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In Baseball Anyway, Crime Sometimes Does Pay

From: Dick Meister
Length: 02:48

A commentary noting that if pitcher Kenny Rogers did indeed use pine tar to gain an illegal edge on batters in the World Series, he was only doing what many others have done before him. Read the full description.

Default-piece-image-0 This is a light-hearted commentary on the widespread, illegal -- and successful -- use of pine tar by baseball pitchers eager to make the ball do curious, unhittable things as it heads toward batters. It notes that if , as charged, the Detroit Tigers' Kenny Rogers did indeed smear some of the stuff on his pitching hand during his winning World Series stint against the St. Louis Cardinals, he was merely doing what many others have done. The cmmentary notes the key role that the legendary baseball manager, Casey Stengel, played in spread of the deceptive practice.

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Piece Description

This is a light-hearted commentary on the widespread, illegal -- and successful -- use of pine tar by baseball pitchers eager to make the ball do curious, unhittable things as it heads toward batters. It notes that if , as charged, the Detroit Tigers' Kenny Rogers did indeed smear some of the stuff on his pitching hand during his winning World Series stint against the St. Louis Cardinals, he was merely doing what many others have done. The cmmentary notes the key role that the legendary baseball manager, Casey Stengel, played in spread of the deceptive practice.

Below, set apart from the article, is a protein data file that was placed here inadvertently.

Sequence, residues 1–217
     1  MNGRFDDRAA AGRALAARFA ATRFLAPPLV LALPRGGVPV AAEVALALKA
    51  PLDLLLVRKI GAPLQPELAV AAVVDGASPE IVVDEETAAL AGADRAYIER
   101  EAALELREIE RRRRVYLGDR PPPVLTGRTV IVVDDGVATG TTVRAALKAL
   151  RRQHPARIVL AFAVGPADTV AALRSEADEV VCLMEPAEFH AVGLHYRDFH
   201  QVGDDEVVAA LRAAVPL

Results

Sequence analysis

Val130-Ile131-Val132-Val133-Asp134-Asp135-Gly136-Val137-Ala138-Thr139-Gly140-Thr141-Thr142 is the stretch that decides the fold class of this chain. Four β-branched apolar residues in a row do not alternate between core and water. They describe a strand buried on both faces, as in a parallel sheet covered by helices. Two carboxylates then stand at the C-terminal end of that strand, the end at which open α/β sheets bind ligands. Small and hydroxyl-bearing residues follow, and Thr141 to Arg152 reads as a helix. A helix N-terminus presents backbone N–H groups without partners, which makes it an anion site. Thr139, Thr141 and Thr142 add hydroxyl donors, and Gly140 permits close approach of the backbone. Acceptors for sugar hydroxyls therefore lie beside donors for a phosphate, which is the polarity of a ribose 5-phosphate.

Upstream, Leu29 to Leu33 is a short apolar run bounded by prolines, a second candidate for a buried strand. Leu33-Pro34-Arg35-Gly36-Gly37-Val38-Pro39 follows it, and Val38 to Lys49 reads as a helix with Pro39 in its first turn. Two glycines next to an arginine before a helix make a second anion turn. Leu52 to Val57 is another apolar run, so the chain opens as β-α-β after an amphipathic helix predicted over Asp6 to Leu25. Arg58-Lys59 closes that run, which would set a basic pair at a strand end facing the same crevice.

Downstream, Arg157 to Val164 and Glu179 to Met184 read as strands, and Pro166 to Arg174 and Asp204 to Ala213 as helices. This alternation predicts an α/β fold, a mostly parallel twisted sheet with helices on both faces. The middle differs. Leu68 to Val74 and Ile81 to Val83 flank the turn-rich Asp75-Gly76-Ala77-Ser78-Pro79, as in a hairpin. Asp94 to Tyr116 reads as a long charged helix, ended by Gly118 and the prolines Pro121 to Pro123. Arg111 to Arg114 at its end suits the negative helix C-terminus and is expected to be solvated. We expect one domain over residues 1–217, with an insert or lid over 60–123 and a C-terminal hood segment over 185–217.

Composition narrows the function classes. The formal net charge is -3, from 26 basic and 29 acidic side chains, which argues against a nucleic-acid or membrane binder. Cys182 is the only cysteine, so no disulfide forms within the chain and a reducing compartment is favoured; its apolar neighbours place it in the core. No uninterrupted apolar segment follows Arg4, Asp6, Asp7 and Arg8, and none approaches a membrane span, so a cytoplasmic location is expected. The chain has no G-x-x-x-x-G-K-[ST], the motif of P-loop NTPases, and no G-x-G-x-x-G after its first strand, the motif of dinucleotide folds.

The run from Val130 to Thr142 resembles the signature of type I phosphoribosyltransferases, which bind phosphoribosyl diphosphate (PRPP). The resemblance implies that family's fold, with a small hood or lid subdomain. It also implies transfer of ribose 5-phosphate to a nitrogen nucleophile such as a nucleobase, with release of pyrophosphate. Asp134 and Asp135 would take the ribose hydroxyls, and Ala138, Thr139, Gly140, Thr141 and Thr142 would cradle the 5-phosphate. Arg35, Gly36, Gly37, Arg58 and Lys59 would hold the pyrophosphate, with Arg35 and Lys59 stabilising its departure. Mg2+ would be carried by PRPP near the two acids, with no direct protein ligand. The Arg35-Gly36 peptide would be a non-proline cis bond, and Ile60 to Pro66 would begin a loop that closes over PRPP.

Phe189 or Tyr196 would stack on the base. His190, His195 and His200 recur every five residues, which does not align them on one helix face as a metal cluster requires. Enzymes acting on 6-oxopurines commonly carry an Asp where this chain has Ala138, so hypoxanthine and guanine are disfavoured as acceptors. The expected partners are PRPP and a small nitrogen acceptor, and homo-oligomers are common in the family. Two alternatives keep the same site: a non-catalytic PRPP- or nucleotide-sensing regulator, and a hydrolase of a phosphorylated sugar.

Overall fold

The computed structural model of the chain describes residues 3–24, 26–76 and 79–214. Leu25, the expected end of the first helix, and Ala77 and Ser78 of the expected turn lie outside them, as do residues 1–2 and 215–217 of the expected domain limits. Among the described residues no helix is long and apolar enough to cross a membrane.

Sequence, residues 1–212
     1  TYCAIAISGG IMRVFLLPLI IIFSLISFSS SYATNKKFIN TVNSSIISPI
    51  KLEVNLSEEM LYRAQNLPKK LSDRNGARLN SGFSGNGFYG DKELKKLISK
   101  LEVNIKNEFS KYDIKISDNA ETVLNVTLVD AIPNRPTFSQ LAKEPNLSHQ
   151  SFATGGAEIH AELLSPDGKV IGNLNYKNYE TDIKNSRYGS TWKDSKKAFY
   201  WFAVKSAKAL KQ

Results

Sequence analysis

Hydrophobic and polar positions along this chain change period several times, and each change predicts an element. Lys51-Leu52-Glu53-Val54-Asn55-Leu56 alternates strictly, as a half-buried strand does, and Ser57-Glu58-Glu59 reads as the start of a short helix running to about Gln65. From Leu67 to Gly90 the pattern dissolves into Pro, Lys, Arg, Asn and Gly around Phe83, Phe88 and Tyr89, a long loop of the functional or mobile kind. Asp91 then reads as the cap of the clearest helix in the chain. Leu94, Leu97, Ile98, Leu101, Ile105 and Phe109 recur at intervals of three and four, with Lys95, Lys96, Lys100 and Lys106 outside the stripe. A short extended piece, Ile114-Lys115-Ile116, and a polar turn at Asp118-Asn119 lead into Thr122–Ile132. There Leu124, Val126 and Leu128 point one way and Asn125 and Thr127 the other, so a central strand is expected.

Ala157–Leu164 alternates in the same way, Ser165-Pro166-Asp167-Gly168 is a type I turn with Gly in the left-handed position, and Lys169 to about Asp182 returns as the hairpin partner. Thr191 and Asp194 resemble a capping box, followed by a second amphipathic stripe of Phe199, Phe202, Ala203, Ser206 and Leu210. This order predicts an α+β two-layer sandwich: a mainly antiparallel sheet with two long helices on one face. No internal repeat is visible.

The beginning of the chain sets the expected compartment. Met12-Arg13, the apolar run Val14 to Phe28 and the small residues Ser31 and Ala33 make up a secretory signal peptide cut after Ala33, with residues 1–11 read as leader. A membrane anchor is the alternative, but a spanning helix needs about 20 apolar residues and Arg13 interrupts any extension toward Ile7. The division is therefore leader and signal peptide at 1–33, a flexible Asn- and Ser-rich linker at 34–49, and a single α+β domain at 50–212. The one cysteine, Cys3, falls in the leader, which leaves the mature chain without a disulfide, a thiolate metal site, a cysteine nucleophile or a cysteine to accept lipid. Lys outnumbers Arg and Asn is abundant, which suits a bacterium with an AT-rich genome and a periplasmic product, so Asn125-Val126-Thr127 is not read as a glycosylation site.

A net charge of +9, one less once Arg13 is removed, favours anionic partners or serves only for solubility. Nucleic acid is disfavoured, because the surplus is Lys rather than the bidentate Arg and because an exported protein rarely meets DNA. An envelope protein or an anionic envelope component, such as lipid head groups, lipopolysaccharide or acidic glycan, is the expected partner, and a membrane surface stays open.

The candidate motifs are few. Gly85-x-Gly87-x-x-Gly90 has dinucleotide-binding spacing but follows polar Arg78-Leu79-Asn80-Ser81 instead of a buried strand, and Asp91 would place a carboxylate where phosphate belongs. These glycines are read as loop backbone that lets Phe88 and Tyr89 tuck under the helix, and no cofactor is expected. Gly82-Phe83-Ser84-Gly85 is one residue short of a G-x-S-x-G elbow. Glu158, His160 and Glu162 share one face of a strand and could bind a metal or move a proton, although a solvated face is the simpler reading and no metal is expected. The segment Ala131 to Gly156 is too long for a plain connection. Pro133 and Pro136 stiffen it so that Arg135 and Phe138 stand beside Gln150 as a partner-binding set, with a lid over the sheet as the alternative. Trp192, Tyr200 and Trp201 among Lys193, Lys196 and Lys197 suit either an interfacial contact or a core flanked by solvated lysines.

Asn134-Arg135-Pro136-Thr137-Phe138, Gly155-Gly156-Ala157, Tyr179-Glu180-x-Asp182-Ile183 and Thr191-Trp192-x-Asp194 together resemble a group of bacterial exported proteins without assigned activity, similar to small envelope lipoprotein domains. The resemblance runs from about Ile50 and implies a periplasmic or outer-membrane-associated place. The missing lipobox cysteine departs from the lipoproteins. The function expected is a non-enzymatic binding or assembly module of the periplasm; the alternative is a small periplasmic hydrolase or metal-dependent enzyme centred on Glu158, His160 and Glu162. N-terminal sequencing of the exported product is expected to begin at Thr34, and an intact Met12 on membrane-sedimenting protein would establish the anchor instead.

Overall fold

Broadcast History

None

Transcript

OK, let?s talk a little about that fuss over pitcher Kenny Rogers apparently using what baseball rules call an illegal ?foreign substance.? You know, him putting a bit of pine tar on his pitching hand to help the Detroit Tigers win game two of the World Series against the St. Louis Cardinals.

It figures that the dark smear discovered on Rogers? pitching hand was indeed pine tar. And why not? Pine tar has been used for a long time by pitchers to make the baseball twist and turn in baffling ways as it heads toward the batter.

Rogers got off easy. He was merely ordered to wash the stuff off his hand. Which he did, of course -- and then went on to win the ballgame.
Remember Casey Stengel, one of the greatest baseball managers of all time? The manager whose New York Yankee teams won all those World Series? Well, old Casey was an enthusiastic backer of pine tar long before Kenny Rogers...
Read the full transcript

Timing and Cues

INTRO: Commentator Dick Meister says cheating in baseball has been around for a long time.

OUTRO: Dick Meister is a San Francisco writer.